You could have the most effective treatment of all time, but if nobody has access to it, it's the most worthless thing ever to exist.

2) Why should e-coli be on the beef in the first place if you are butchering the cow properly? i.e. What's shit (cow or other) doing on your beef?
If you've got a better way of slaughtering the huge numbers of cows that Americans consume every year in an economical manner and guarantee that no shit gets in at that stage. And can guarantee that it isn't added later in the process during the later processes up until it is eaten, then I'll grant you that. Until then the treatment makes a lot of sense in terms of limiting the scale and effect of outbreaks.

Besides, the issue isn't that they've used it for that, the issue is that they've used it in the US on beef. The beef lobby is an incredibly influential lobby, and they are an important ally on things like this. The fact that they've managed to get approval to put these non-organisms into food is significant.

Re:He seems conflicted (1)

odourpreventer (898853) | more than 6 years ago | (#21875838)

I think we all know that the Russians during the communist era were willing to experiment on their people in a way that would be completely unthinkable in the US.

Really? [newstarget.com] What [wikipedia.org] makes [wikipedia.org] you [wikipedia.org] believe [wikipedia.org] that? [google.com]

If you've got a better way of slaughtering the huge numbers of cows that Americans consume every year in an economical manner

I guess the magic words are "economical manner". Granted, eating shit is quite economical (resulting illnesses notwithstanding), but I prefer paying a little extra for shit-free meat.

Re:He seems conflicted (2, Insightful)

hotsauce (514237) | more than 6 years ago | (#21876066)

You could have the most effective treatment of all time, but if nobody has access to it, it's the most worthless thing ever to exist.

Because, of course, the rest of the world doesn't count. It's only worthwhile when it finally makes it to America and becomes known to you.

Wake up. The rest of the world is passing you by.

Re:He seems conflicted (1)

lluBdeR (466879) | more than 6 years ago | (#21875506)

The advance I'm waiting for is a far more reliable and safe way of attaching devices to brains. Then the blind would be able to see etc.
Of course the **AA and the DMCA might cause problems with that.


God damn! Could you imagine the consequences?
The electrical impulses being fed into their brains could be arranged into a non-DRMable series of neurons by the limbic system! It would be madness! Only sure fire way would be to remove the hippocampus. You'd still bump into furniture, but at least you could watch movies.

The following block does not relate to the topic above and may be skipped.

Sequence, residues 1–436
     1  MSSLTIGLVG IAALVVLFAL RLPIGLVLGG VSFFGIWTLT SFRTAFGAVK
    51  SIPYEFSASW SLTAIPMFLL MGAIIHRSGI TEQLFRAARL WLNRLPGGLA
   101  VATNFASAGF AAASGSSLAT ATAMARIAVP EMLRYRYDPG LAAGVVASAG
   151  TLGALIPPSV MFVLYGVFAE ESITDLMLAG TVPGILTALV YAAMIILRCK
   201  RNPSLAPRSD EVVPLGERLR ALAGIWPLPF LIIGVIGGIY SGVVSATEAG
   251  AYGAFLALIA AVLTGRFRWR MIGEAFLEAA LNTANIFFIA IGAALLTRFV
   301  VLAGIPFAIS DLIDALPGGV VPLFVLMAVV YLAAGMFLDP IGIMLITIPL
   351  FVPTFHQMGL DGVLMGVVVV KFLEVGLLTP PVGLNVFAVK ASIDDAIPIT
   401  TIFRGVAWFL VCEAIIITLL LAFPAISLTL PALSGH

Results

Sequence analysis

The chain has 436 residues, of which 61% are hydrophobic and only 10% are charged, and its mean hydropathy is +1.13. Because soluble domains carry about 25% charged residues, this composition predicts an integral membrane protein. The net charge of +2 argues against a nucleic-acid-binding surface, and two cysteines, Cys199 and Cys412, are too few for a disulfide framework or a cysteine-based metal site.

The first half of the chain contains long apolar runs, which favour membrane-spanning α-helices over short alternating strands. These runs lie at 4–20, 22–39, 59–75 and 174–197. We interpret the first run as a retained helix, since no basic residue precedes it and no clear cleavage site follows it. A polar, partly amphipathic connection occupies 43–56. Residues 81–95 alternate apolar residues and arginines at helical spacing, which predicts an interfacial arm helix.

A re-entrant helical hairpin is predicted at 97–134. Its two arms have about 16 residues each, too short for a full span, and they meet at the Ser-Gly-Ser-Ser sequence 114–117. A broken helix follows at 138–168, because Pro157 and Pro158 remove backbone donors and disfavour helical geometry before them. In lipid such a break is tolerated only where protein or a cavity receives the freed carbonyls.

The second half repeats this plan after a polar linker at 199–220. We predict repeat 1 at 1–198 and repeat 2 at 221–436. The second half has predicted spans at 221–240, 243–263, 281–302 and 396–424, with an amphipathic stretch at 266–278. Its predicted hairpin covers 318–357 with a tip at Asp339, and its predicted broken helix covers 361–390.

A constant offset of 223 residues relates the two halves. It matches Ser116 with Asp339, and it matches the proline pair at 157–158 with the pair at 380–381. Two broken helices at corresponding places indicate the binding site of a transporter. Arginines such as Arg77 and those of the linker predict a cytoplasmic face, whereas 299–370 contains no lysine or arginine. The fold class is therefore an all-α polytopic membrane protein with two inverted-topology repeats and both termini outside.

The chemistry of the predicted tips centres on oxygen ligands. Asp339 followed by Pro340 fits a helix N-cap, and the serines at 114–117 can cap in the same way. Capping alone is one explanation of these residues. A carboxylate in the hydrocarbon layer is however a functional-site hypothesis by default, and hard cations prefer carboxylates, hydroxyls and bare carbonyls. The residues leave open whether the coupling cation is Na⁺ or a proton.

Re:He seems conflicted (2, Funny)

pushing-robot (1037830) | more than 6 years ago | (#21876138)

Why should e-coli be on the beef in the first place if you are butchering the cow properly? i.e. What's shit (cow or other) doing on your beef?
Well, there's shit, egg, sausage, and shit; that's not got much shit in it.

Re:He seems conflicted (1)

Znork (31774) | more than 6 years ago | (#21875230)

"bacteriophage treatments"

Eh, bacteriophage tech has been in use for more than 50 years, much in eastern europe and the former Soviet union, and while it's good to see the western medical community start looking around for options after antibiotics runs into a dead end, one rather wonders what took them so long.

The medical field is hardly in good shape to in comparison with even a lackluster technological field, and for the level of funding that the field gets, one could expect it to have produced much more significant strides than it has.

Re:He seems conflicted (1)

CastrTroy (595695) | more than 6 years ago | (#21875452)

You want an OS without bloat? from what I hear, you can run KDE4 on only 256 MB of RAM. Sure it's not the OS, but that's where linux is headed. I would like to see MS die if only for the fact that I think it would yield cheap, low powered computers that could save the world tons of energy. May current laptop is a Celeron 1.5 GHz with 512 MB of RAM. It runs everything I want using Linux and KDE. Web development, web browsing, email, office apps, and a little bit of light photo editing on GIMP. It does all this while only consuming 20 watts. When I think of all the people with 300 watt + monitor desktop workstations out there, I think it is obvious as to why there is such a problem with energy in this world.

Re:He seems conflicted (5, Insightful)

smilindog2000 (907665) | more than 6 years ago | (#21875100)

Oh, come on, now. It's been a good year. The iPhone brought multi-touch displays into the mainstream. Google started the Android project. Hybrids made huge gains [a123systems.com] with new battery technology. VoIP? How about Skype and the new Asterisk appliance, or even the Free Telephony Project [rowetel.com] ? I see the same list, but somehow I see it in a more positive light, but heck, I'm an optimist. I saw the moon landing, too. I also witnessed the birth of the personal computer, cell phones, and the Internet. Computing power increased a mind boggling amount, memory went from $1M for 64K bytes to $50 for a gigabyte, and of course disk storage went nuts.